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3Indeed, we live as human beings, but we do not wage war according to human standards; 4for the weapons of our warfare are not merely human, but they have divine power to destroy strongholds. We destroy arguments 5and every proud obstacle raised up against the knowledge of God, and we take every thought captive to obey Christ. 6We are ready to punish every disobedience when your obedience is complete.


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3. For—Reason why they should regard him "beseeching" them (2Co 10:2) not to oblige him to have recourse to "bold" and stern exercise of authority. "We walk IN the flesh," and so in weakness: but not "ACCORDING TO the flesh" (2Co 10:2). Moreover, though we WALK in it, we do not WAR according to it. A double contrast or antithesis. "They who accuse us of walking after the flesh, shall find [to their cost] that we do not war after the flesh; therefore compel us not to use our weapons" [Alford].

4. A confutation of those who try to propagate their creed by force and persecution (compare Lu 9:54-56).

weapons—for punishing offending members (2Co 10:6; 1Co 4:21; 5:5, 13); boldness of speech, ecclesiastical discipline (2Co 10:8; 2Co 13:10), the power of the word, and of the sacraments, the various extraordinary gifts of the Spirit.

carnal—Translate, "fleshly," to preserve the allusion to 2Co 10:2, 3.

mighty through GodGreek, "mighty to God," that is, mighty before God: not humanly, but divinely powerful. The power is not ours, but God's. Compare "fair to God," that is, divinely fair (Ac 7:20, Margin). Also above (2Co 2:15), "unto God a sweet savor." "The efficacy of the Christian religion proves its truth" [Bengel].

pulling down—As the Greek is the same as in 2Co 10:5, translate, "casting down." Compare Jer 1:10: the inspired servants of God inherit the commission of the Old Testament prophets.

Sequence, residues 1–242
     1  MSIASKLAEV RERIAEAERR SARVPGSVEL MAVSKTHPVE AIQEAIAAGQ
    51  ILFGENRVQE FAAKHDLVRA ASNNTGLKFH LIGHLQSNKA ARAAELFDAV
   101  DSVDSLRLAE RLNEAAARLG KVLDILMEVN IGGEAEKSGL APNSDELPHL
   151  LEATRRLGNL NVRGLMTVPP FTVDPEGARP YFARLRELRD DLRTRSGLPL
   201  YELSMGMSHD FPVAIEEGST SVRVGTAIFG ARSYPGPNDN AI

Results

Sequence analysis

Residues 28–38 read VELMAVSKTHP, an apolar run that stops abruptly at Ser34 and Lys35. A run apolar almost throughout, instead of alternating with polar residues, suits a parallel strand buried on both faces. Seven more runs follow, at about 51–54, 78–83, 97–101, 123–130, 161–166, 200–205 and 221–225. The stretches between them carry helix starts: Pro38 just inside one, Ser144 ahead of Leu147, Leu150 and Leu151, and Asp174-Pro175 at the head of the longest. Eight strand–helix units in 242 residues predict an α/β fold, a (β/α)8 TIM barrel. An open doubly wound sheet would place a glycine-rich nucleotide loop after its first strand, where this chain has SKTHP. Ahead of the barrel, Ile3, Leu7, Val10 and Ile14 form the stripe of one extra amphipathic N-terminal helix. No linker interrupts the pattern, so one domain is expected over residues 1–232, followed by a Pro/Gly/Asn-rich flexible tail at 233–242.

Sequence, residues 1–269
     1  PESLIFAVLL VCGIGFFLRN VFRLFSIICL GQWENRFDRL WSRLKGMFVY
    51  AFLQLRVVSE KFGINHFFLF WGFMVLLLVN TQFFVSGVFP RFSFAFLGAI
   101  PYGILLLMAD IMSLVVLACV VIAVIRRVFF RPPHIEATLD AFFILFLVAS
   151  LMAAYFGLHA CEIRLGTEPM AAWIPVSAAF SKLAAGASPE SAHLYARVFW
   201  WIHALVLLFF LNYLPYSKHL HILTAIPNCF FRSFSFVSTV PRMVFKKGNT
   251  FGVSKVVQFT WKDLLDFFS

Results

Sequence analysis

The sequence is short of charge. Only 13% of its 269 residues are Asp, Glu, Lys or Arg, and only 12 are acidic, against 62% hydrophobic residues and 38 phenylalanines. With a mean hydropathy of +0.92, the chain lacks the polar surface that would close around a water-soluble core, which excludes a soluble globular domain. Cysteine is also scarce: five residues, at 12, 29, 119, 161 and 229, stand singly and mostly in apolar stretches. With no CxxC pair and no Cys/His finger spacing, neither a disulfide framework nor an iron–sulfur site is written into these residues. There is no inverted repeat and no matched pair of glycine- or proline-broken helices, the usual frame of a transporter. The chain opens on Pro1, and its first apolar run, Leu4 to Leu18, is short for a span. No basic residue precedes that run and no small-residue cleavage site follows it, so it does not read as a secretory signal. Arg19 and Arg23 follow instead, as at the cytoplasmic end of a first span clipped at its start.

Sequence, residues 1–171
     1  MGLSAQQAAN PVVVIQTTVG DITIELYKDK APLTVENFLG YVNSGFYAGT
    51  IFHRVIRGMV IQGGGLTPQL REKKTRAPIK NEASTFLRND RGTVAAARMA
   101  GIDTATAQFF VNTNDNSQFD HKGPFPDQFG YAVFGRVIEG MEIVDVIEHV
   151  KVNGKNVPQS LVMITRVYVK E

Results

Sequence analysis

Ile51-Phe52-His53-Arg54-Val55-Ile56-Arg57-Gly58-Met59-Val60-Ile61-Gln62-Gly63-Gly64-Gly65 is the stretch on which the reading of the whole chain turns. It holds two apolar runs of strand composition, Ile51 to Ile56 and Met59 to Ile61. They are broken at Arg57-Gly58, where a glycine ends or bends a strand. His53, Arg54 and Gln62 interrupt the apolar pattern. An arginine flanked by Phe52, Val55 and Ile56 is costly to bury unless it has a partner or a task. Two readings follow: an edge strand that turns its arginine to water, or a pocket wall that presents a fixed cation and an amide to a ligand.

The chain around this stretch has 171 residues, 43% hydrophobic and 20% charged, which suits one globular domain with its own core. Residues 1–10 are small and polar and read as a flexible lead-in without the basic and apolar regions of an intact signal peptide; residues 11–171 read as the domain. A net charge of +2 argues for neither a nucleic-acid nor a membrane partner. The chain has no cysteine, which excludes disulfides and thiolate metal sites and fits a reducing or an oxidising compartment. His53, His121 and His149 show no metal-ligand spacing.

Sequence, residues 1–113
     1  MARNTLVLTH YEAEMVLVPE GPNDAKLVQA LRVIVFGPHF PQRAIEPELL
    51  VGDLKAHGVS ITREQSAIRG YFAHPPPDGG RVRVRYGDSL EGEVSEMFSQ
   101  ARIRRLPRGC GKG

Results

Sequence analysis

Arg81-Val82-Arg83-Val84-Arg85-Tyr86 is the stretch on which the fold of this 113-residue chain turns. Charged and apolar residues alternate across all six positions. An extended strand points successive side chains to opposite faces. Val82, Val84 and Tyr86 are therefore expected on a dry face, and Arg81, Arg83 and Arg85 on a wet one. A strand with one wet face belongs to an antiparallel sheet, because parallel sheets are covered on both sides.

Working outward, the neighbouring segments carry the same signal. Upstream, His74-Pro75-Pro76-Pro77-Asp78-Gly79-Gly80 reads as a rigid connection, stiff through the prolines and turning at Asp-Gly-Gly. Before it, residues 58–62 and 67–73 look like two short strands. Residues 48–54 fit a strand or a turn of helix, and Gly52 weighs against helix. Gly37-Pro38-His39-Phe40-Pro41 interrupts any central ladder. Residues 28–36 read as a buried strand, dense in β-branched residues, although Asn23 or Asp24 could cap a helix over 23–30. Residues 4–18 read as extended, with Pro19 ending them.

strongholds—(Pr 21:22); namely, in which sinners entrench themselves against reproof; all that opposes itself to Christ; the learning, and eloquence, and philosophical subtleties on which the Corinthians prided themselves. So Joshua's trumpet blast was "mighty" under God to overthrow the walls of Jericho.

5. imaginations—rather, "reasonings." Whereas "thought" expresses men's own purpose and determination of living after their own pleasure [Tittmann].

high thing—So it ought to be translated (Ro 8:39). A distinct Greek word from that in Eph 3:18, "height," and Re 21:16, which belongs to God and heaven from whence we receive nothing hurtful. But "high thing" is not so much "height" as something made high, and belongs to those regions of air where the powers of darkness ::exalt themselves" against Christ and us (Eph 2:2; 6:12; 2Th 2:4).

exalteth itself2Th 2:4 supports English Version rather than the translation of Ellicott, &c., "is lifted up." Such were the high towers of Judaic self-righteousness, philosophic speculations, and rhetorical sophistries, the "knowledge" so much prized by many (opposed to "the knowledge of God"), which endangered a section of the Corinthian Church.

against the knowledge of God—True knowledge makes men humble. Where there is exaltation of self, there knowledge of God is wanting [Bengel]. Arrange the words following thus: "Bringing every thought (that is, intent of the mind or will) into captivity to the obedience of Christ," that is, to obey Christ. The three steps of the apostle's spiritual warfare are: (1) It demolishes what is opposed to Christ; (2) It leads captive; (3) It brings into obedience to Christ (Ro 1:5; 16:26). The "reasonings" (English Version, "imaginations") are utterly "cast down." The "mental intents" (English Version, "thoughts") are taken willing captives, and tender the voluntary obedience of faith to Christ the Conqueror.

6. Translate, "Having ourselves (that is, being) in readiness to exact punishment for all disobedience," &c. We have this in store for the disobedient: it will be brought into action in due time.

when your obedience, &c.—He charitably assumes that most of the Corinthian Church will act obediently; therefore he says "YOUR obedience." But perhaps some will act otherwise; in order, therefore, to give all an opportunity of joining the obedient, he will not prematurely exact punishment, but wait until the full number of those gathered out to Christ has been "completed," and the remainder have been proved incorrigible. He had acted already so at Corinth (Ac 18:6-11; compare Ex 32:34; Mt 13:28-30).




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